Read Order: Shashi Kant @ Niku (now deceased) through his LRs v. Bala Parshad and Others 

Monika Rahar

Chandigarh, June 2, 2022: While dealing with a revision petition by the defendant- petitioners assailing Trial Court’s order dismissing their Order 7 Rule 11 CPC application, the Punjab and Haryana High Court has categorically held that when the plea of res judicata is raised, the same being a mixed question of law and fact, cannot be gone into without there being any evidence on the record and, thus such a case is not one that can be dismissed on an application under Order 7 Rule 11 CPC. 

The Bench of Justice Alka Sarin held in this regard,  “The question whether the suit is barred by the principles of res judicata would be a mixed question of law and fact… Order 7 Rule 11 CPC can be invoked when on the face of it i.e. on a meaningful reading of the plaint and the documents attached therewith, the suit does not disclose a cause of action; is undervalued; has been filed on insufficiently stamped papers; where it appears to be barred by any law; where it is not filed in duplicate; or where the plaintiff does not comply with the provisions of Rule 9”. 

The Court further added that Order 7 Rule 11(d) CPC has limited application and that on a reading of the plaint it should be apparent that the suit is barred by any law. 

The Court was called upon to decide a revision petition under Article 227 of the Constitution of India which was filed impugning the order of the Trial Court whereby the application filed by the defendant-petitioners under Order 7 Rule 11 read with Section 151 of CPC seeking rejection of the plaint was dismissed. 

Briefly stated, the facts of the matter are that the suit property was originally owned by one Shree Niwas, who died in the year 1934. He was survived by his seven children (Shyam Sunder, Kunj Bihari, Krishan Sarup, Brij Nandan, Mohan Lal, Nitya Nand and Vidyawati). 

Nitya Nand died issueless, while Vidyawati filed a Civil Suit seeking a declaration to the effect that she was co-owner to the extent of 1/6th share of the suit property. In 1992, the said suit was decreed to the extent that Vidyawati was co-owner to the extent of 1/36th share of the suit property and a preliminary decree was passed to this effect. 

In 2017, the sons of Kunj Bihari and the adopted son of Shyam Sunder filed the present suit for possession by way of partition. In response to this suit, the defendant-petitioners moved an application under Order 7 Rule 11 CPC for rejection of the plaint on the ground that since the earlier suit was filed by Vidyawati and a preliminary decree was passed therein, the present suit would be barred. 

The plaintiff-respondents (first to sixth) contested the said application. Vide the impugned order, the Trial Court dismissed the application. Aggrieved, the present revision petition was  preferred.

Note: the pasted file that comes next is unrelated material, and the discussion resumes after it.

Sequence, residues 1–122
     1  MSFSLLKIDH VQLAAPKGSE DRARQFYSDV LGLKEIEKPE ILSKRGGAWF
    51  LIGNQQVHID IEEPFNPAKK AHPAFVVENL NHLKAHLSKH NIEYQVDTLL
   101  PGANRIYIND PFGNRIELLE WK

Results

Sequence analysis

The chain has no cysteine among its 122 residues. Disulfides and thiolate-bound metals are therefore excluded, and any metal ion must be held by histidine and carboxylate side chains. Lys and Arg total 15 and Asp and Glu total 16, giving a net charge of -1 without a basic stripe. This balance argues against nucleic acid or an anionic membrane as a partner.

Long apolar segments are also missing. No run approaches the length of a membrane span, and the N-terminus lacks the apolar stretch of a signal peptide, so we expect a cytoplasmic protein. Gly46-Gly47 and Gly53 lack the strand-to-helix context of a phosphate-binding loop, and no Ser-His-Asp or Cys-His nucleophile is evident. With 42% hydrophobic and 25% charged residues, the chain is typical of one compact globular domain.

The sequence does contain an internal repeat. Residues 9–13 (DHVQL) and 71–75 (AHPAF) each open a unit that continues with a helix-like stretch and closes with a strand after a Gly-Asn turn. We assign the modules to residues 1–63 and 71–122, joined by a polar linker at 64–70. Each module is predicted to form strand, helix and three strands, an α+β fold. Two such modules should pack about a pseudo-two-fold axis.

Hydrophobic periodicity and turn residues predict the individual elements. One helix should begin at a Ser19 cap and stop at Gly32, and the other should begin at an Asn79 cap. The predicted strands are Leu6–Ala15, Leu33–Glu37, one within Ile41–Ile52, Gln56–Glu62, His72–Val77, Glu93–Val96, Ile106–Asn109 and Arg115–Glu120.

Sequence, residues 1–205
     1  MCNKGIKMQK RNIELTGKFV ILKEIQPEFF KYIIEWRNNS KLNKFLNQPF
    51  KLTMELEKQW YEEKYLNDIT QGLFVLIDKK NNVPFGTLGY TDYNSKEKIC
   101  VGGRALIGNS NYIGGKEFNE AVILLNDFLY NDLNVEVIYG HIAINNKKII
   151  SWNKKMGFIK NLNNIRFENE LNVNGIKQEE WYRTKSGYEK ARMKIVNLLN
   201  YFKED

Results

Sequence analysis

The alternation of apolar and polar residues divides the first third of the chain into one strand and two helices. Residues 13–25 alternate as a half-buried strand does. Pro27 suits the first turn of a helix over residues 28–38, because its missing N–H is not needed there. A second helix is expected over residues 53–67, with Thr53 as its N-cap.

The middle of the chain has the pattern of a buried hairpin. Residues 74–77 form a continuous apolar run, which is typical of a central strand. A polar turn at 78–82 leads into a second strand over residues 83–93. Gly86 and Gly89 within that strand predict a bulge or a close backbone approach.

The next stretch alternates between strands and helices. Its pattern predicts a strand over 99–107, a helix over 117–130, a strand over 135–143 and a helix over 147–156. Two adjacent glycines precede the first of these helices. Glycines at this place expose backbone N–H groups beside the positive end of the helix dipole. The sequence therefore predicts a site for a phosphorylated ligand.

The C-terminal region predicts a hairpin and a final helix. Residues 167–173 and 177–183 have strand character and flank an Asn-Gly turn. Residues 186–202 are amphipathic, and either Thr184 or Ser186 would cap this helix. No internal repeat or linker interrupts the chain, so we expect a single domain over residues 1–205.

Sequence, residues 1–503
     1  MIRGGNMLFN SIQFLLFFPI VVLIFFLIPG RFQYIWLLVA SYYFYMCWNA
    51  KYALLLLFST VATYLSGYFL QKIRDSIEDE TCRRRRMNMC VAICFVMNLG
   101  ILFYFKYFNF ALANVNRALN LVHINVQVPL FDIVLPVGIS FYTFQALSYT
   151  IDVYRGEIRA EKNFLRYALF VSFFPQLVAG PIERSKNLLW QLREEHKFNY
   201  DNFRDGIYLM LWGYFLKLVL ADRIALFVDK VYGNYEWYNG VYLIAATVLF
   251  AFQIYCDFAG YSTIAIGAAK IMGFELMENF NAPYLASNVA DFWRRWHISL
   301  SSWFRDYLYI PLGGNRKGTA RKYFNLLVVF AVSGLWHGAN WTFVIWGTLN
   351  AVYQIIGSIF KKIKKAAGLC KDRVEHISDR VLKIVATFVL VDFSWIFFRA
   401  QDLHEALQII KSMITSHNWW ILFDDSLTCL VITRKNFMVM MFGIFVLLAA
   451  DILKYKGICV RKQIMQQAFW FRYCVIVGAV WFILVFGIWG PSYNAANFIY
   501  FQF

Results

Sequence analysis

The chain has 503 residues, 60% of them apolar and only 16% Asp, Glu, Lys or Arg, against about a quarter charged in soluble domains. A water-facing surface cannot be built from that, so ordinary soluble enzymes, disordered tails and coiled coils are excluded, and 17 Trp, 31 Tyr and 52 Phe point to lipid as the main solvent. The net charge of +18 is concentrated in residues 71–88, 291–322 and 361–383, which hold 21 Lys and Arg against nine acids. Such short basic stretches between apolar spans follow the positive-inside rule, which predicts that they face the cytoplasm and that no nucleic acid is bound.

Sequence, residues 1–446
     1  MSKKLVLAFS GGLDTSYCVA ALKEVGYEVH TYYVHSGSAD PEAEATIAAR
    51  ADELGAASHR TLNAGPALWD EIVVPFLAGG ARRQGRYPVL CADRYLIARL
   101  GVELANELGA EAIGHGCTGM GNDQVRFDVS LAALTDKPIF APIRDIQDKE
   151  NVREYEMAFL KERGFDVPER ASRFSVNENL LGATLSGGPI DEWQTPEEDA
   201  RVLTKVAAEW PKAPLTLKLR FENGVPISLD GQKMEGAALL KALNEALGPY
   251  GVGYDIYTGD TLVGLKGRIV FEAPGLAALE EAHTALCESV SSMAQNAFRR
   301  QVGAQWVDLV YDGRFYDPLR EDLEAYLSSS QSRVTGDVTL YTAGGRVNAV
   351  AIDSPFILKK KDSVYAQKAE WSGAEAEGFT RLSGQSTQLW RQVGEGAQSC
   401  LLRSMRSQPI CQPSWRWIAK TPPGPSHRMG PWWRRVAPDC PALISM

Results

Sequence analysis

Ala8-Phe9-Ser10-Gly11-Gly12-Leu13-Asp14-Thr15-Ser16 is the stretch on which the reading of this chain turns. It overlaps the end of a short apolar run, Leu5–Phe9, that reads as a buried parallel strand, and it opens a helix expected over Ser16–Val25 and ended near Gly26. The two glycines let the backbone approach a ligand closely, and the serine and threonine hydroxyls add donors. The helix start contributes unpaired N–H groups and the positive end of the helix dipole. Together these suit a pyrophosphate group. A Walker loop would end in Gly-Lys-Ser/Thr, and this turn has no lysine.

It was the case of the counsel for the defendant-petitioners that the suit was barred inasmuch as the earlier suit filed by Vidyawati was qua the same subject matter and was amongst the same parties. It was further the contention of the counsel for the defendant-petitioners that the fact of filing of the previous suit was evident from the plaint itself. 

Per contra, the counsel for the plaintiff-respondent (first to sixth) contended that Order 7 Rule 11 CPC has a limited scope and a suit which is said to be barred by res judicata cannot be dismissed on an application under Order 7 Rule 11 CPC since a finding on whether the suit is barred by res judicata can be arrived at only once the evidence is led. 

After considering these rival submissions, the Court opined at the very outset that the question of whether the suit was barred by the principles of res judicata is a mixed question of law and fact. Further, the Court added that Order 7 Rule 11 CPC can be invoked when on the face of it i.e. on a meaningful reading of the plaint and the documents attached therewith, the suit does not disclose a cause of action; is undervalued; has been filed on insufficiently stamped papers; where it appears to be barred by any law; where it is not filed in duplicate; or where the plaintiff does not comply with the provisions of Rule 9.

Thus, against this backdrop, the Court expounded that Order 7 Rule 11(d) CPC has limited application and that on a reading of the plaint it should be apparent that the suit is barred by any law. 

When the plea of res judicata is raised, the same being a mixed question of law and fact, it cannot be gone into without there being any evidence on the record and, thus, such a case is not one that can be dismissed on an application under Order 7 Rule 11 CPC, Justice Sarin held very categorically. 

In view of the above-stated law as well as the fact that from a reading of the plaint in the present case, the Court was of the considered view that it cannot be said that the suit was barred by any law and thus, the Court held that the application under Order 7 Rule 11 CPC rightly rejected. 

The revision petition was accordingly dismissed. 

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